“I can be changed by what happens to me. But I refuse to be reduced by it.” – Maya Angelou
The term “resilience” gets tossed around a lot these days in corporate and government circles. In essence it means the ability to flex with the unexpected and bounce back from tough times. After the terrible events of 9/11, we learned very quickly that businesses and government organizations have to plan for completely unexpected disasters. After all, the key government failure prior to 9/11 was a “failure of imagination.”
So for almost 20 years now, business and governments have been planning for the worst, even as we work and hope for the best. Here at home, whether disaster comes in the form of a fire, a tornado, or a microscopic virus, the City of Denton is ready for any challenge. We have a professional Emergency Management staff, led by the Chief of our Fire/Rescue Department. We have had an Emergency Management Plan in place for many years.
As the COVID-19 pandemic spread across the globe, your city leaders activated that plan, putting years of preparation into action. This preparation, with the appropriate swift response, is the core of what it means to be a resilient city.
Unfortunately, due to the nature of the threat, responding to COVID-19 means closing non-essential businesses. No government leader ever wants to take such drastic steps. But leadership means doing the right thing even when it is difficult. Good leaders also remain cool under pressure, and don’t make decisions out of fear or panic. This is why you have seen closures and other disaster response actions rolled out in a measured, evidence-based way.
Clearly this disaster will have a major economic impact. We don’t yet know how wide-spread it will be, or how long non-essential businesses must stay closed. I think about it every day. But I also know that Denton’s local economy is very strong. Just a few weeks ago Denton ranked 4th nationwide in a study of America’s “most recession-resistant cities.”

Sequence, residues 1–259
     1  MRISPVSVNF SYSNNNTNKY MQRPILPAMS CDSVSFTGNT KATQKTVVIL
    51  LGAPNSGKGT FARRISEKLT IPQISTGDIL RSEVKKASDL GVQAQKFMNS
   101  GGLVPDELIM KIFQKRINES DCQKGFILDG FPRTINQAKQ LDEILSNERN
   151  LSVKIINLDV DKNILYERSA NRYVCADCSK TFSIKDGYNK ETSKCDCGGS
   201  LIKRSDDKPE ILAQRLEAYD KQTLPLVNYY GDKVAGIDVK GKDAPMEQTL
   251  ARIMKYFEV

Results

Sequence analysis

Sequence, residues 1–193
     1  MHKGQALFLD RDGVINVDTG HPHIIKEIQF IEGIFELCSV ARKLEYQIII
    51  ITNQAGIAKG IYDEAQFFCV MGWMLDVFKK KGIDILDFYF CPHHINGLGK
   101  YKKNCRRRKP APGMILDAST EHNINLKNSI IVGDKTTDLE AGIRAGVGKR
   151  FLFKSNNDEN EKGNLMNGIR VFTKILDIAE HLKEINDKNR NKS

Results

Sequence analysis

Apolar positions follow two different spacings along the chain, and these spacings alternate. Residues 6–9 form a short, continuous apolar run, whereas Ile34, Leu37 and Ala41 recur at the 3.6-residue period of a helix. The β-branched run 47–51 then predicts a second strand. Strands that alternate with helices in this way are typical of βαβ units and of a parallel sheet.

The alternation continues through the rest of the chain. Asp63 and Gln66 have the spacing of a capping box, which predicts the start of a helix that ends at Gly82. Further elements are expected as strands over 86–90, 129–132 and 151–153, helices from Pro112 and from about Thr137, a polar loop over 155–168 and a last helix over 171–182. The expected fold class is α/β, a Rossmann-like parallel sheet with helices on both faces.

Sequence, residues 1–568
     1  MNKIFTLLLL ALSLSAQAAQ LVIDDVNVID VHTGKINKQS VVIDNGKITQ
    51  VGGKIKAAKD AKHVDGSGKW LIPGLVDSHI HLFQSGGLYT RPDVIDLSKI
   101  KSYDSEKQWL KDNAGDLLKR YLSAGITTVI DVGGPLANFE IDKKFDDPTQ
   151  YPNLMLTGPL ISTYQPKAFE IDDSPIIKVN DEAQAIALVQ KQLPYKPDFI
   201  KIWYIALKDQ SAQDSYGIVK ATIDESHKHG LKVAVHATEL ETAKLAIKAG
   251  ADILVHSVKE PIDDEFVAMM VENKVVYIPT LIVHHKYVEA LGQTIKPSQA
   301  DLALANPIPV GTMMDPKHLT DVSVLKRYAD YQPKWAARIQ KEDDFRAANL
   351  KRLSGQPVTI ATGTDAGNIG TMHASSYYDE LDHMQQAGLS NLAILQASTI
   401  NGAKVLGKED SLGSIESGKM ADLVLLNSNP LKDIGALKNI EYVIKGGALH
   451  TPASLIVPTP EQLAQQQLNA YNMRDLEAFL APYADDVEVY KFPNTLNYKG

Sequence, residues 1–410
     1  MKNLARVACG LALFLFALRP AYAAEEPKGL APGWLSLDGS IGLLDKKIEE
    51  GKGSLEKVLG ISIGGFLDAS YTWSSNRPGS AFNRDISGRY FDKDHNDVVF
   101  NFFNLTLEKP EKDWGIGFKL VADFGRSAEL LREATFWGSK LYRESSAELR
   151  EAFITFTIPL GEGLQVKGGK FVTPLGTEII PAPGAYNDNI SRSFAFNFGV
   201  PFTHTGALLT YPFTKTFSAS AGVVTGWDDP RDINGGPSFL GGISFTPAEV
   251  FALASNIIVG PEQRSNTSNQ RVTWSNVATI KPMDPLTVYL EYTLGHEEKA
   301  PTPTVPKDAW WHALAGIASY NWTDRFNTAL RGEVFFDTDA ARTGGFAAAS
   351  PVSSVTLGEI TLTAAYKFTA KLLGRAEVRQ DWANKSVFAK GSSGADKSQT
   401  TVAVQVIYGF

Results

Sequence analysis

We have already seen amazing resilience in our local business community. The Denton Chamber of Commerce has become a one-stop shop for any business-related questions, from how to apply for SBA loans to helping your employees apply for unemployment benefits. Some grocery stores have changed their schedule so that seniors and the disabled can shop for the first hour the store is open. Small business owners struggling to keep their staff employed have put them to work mowing lawns and staining fences, making sure they have steady income. Restaurants like New York Sub Hub and Thai Ocha have gone back to the old days, bringing your food to your car window or even delivering to your home. Some readers will remember buying beer to go or a couple “set ups” from their favorite tavern years ago. Today you can do the same at Armadillo Ale Works, The Bearded Monk bottle shop, or 940’s Kitchen & Cocktails.
This is exactly the attitude and drive that will keep Denton moving forward—plan, adapt, and persevere. Ultimately, that’s what resilience is all about. Denton may be changed by what we are going through, but we will not be reduced by it.
For up-to-date information on the City of Denton response to the 2020 COVID-19 pandemic, please visit this website: https://www.cityofdenton.com/government/health-safety/covid-19-information.